Movies: Don’t Look Up is a brilliant black comedy for our times

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Meryl Streep plays the American president more concerned with her re-election chances than with the future of her species.

This is a clever and brash satire about an America so consumed with celebrity worship, trashy infotainment, social media popularity and political gamesmanship that it refuses to take seriously the impending destruction of the planet by a huge comet.  Climate change is never mentioned in the movie, but the parallel is obvious.  Leonardo di Caprio plays the scientist with the irreversible conclusion that a huge rock is on its way to destroy the Earth in six months time.



Despite its obvious relevance, “Don’t Look Up” has been met by an avalanche of bad reviews throughout the traditional and social media.  It is as if nobody wants to confront the reality of the world in the 2020s.  The explanation is likely that the bitterly satiric stance threatens political complacency in America and, by extension, the whole world.  We Simply don’t want to believe the end could be nigh.  We prefer to think that big business will save us: profits over planet is our watchword!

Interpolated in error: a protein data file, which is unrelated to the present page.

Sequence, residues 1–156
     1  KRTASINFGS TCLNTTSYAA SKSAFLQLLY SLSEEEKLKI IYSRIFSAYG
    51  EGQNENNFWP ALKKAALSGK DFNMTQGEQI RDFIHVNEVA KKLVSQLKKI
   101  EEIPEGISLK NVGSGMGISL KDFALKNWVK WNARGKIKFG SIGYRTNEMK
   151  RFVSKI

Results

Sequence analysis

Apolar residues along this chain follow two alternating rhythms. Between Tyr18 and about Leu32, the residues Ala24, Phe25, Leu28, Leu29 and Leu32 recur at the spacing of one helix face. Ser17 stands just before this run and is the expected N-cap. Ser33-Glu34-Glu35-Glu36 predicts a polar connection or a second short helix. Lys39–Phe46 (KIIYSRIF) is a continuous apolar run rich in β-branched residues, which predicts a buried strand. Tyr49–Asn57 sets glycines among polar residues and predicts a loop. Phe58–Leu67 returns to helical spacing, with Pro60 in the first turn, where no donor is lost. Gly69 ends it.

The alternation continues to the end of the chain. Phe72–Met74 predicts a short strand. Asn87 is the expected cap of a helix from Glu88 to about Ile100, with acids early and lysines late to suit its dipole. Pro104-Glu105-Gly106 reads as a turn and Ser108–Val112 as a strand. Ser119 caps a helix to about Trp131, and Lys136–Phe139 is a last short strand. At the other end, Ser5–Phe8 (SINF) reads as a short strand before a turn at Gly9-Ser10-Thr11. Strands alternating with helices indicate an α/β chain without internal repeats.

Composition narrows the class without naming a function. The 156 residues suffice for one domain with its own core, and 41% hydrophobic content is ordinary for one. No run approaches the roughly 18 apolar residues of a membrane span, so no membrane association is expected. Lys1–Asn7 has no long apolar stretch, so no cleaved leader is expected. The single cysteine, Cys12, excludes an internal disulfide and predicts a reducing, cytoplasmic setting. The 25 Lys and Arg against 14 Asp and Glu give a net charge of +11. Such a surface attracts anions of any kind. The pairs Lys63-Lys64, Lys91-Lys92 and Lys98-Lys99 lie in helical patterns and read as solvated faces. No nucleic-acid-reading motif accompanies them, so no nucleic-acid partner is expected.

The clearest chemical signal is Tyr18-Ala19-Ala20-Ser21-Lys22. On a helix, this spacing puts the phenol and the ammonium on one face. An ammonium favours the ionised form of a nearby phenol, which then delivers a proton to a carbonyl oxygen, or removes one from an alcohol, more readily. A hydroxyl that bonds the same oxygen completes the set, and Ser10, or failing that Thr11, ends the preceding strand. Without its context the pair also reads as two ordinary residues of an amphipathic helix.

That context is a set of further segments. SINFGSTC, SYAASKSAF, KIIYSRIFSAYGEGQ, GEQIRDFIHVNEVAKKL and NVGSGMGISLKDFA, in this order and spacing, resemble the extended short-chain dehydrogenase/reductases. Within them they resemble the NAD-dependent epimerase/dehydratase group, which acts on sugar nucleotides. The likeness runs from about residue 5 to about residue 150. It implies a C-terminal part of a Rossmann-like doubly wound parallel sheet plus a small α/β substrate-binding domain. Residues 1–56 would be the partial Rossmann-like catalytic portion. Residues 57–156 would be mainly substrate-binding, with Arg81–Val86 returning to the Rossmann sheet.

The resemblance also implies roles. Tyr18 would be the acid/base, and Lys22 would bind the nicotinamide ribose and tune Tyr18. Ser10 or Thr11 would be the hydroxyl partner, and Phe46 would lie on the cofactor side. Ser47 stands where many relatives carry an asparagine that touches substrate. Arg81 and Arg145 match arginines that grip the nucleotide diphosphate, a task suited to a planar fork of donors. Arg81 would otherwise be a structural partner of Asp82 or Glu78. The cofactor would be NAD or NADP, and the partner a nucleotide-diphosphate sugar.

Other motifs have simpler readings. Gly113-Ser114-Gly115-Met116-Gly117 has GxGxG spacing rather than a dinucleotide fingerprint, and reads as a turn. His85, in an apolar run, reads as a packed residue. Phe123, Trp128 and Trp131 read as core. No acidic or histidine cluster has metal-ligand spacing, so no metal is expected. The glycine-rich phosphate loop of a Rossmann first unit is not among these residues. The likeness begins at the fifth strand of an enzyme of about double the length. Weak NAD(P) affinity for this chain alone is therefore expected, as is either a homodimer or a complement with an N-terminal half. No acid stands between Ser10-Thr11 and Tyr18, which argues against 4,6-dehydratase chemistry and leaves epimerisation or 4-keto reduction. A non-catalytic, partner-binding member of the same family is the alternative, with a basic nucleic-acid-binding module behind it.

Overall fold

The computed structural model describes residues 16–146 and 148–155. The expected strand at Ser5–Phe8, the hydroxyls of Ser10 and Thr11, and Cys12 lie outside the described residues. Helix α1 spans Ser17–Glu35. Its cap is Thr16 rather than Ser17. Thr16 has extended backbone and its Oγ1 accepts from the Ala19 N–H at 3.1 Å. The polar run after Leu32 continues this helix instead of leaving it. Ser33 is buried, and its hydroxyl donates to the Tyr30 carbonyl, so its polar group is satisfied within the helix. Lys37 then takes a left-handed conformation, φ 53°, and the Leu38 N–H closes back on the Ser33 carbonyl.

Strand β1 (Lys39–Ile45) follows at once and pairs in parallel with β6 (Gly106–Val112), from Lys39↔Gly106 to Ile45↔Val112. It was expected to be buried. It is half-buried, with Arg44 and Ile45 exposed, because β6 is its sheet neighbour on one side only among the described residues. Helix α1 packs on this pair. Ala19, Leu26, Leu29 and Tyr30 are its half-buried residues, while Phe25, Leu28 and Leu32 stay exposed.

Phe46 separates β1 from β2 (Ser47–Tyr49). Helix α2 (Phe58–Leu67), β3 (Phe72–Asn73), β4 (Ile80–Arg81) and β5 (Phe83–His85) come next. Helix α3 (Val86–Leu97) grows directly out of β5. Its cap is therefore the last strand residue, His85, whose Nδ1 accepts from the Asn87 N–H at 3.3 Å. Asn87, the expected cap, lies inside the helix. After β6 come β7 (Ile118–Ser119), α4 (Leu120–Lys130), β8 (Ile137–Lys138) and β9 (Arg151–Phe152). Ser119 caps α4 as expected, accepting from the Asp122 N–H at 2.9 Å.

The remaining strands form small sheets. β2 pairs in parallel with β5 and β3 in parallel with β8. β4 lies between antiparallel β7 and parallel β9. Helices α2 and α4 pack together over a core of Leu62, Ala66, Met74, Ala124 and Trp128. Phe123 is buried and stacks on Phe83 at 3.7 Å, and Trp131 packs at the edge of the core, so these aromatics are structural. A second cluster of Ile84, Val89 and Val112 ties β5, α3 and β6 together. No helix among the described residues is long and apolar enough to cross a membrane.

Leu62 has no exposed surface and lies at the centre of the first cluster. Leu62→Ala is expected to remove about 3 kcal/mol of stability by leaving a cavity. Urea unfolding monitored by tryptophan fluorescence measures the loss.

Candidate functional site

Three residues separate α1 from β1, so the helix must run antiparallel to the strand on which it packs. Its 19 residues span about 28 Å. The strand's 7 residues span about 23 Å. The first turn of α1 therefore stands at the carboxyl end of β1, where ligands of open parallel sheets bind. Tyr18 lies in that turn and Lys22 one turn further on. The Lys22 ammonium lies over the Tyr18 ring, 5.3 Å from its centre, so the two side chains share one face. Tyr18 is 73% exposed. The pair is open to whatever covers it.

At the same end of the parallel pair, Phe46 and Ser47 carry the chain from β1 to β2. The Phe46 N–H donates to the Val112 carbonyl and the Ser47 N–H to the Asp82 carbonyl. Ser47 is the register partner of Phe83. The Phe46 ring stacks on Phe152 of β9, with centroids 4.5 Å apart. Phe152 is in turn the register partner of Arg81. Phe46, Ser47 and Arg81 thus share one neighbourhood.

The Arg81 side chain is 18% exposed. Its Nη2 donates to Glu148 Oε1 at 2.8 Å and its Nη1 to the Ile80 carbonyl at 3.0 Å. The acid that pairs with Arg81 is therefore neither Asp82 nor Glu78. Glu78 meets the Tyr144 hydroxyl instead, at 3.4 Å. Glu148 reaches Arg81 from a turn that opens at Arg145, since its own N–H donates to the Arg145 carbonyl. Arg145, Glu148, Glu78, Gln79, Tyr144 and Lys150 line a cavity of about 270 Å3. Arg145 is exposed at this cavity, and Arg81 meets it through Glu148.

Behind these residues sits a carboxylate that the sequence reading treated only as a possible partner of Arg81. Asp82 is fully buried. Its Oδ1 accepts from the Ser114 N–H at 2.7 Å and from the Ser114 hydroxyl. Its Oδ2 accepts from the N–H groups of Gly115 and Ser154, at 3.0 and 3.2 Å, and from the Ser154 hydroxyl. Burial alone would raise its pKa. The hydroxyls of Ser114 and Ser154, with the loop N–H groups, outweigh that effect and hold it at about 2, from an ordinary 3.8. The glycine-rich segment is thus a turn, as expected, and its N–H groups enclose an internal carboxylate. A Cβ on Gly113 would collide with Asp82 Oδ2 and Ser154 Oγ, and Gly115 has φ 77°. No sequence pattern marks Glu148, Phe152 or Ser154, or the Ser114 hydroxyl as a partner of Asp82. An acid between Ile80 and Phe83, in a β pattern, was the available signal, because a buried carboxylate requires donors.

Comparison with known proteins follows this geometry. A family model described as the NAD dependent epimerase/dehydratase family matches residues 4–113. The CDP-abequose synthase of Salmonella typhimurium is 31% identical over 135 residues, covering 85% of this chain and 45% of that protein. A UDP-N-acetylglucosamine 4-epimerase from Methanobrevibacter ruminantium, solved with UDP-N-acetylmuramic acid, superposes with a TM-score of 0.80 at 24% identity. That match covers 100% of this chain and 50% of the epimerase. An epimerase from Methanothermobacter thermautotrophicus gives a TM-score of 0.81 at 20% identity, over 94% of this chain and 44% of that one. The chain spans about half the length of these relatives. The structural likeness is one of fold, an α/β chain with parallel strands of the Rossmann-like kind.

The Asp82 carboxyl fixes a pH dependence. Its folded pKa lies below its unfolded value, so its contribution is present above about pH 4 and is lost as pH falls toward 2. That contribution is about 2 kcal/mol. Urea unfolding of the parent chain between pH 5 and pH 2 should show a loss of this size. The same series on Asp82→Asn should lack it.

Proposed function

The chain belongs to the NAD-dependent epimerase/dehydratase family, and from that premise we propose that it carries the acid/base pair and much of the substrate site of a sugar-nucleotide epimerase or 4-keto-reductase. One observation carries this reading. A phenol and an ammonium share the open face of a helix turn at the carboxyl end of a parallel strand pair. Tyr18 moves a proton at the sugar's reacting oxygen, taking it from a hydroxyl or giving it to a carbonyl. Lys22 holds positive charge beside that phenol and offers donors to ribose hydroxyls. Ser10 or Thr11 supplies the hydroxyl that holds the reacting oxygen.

The movie’s early scenes depict the discovery and the trajectory of the comet and are not played for laughs.  In fact, the initial disbelief is mirrored in the old 1950s film When Worlds Collide which also includes the eventual final and fiery destruction of the world we know.  The two scientists in question, one played by DiCaprio, are soon whisked off to see the US president in the Oval Office.

‘Don’t Look Up” takes an ultra-cynical but funny look at the end of the world.

She is played by Meryl Streep who is much more interested in her personal sex life and winning a second term as president to be unduly concerned with minor matters such as the end of the world.   She personifies the rotting soul of America.  If you see a connection with Donald Trump, you are not alone.  Even when told the huge rock will have the power of a billion Hiroshima bombs, she asks DiCaprio to stop breathing so0 heavily as it makes her feel uncomfortable.



As in When Worlds Collide this movie ends with a favoured handful of the rich and powerful escaping by space satellite to another planet.  On arrival, they are delighted to find that the temperature is fine although there is slightly more oxygen in the atmosphere than they are used to.  Soon a group of ostrich-like, colorful creatures approach the space ship and one bold soul (thinking they are friendly) strokes one of them.  The beast promptly bites her head off as the whole group advances menacingly towards an unexpected feast.  The film ends with the human group leader urging “Whatever happens, don’t pet them.”  Indeed.